Golestani spent six months learning Danish before leaving Iran, alongside a full working week while simultaneously working on her PhD thesis. Some of her friends were already in Denmark and could help with accommodation. In fact, they were the ones to suggest that her education as an electrical engineer could be a good fit with Vattenfall. There were many surprises for Golestani when she started her new job. “Vattenfall makes breakfast available to the employees in the morning. In Iran that is banned in most companies and bosses would rather people were working than eating. And the concept of flexible working is unthinkable there,” she explains.
To Golestani, the tradition of breaking a wooden barrel full of candy and chocolate at Shrovetide was an equally big surprise.
“It’s nice to see adults having fun and laughing heartily over simple things at work. I am used to a stricter work etiquette.”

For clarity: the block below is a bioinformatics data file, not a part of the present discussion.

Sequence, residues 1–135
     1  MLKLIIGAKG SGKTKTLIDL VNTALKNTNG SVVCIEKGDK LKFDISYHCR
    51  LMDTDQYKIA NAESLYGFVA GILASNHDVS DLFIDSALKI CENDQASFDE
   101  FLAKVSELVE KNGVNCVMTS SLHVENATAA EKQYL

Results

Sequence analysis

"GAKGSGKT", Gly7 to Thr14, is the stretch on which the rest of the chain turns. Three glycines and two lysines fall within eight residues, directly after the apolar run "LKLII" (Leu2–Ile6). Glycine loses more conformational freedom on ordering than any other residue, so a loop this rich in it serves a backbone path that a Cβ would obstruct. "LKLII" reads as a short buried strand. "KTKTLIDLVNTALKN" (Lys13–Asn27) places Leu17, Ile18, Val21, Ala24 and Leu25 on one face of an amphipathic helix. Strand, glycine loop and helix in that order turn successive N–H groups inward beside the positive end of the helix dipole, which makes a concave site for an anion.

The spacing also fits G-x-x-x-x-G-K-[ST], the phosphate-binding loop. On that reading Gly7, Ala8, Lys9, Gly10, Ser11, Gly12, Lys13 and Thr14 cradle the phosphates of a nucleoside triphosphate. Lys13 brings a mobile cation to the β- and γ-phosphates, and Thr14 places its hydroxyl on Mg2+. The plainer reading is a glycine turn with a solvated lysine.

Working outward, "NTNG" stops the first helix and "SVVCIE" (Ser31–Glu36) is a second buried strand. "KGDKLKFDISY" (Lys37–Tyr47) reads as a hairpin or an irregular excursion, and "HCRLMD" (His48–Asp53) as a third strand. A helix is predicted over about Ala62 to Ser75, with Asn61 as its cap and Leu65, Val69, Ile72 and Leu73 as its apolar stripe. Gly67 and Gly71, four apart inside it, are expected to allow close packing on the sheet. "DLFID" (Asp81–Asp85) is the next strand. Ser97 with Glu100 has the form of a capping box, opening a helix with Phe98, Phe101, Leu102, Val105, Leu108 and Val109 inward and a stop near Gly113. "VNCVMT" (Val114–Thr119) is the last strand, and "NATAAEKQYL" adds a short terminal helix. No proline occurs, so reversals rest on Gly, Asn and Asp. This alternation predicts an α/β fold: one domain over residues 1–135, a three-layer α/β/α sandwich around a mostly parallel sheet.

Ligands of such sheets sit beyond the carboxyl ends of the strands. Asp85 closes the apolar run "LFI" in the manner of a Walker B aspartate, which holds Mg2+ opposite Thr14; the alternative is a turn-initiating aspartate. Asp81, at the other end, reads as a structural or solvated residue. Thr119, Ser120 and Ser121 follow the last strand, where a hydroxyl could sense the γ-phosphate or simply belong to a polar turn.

“Even as a young employee, you have a right to voice your opinion in Denmark. And it is quite acceptable to disagree with your manager. That would never happen in Spain,” says Ben Martinez, an R&D engineer from Barcelona. “In Spain, you have to earn your manager’s trust, whereas here in the Kolding office, I felt that there was a basic trust from the start – I was surprised that I was left to do my job after just a couple of days!”
“No spontaneous discussions or sudden brainstorming sessions on a whiteboard”, he observes. “In a Spanish office these things happen all the time and the resulting noise level is high, whereas it’s as quiet as in a theatre in Denmark.”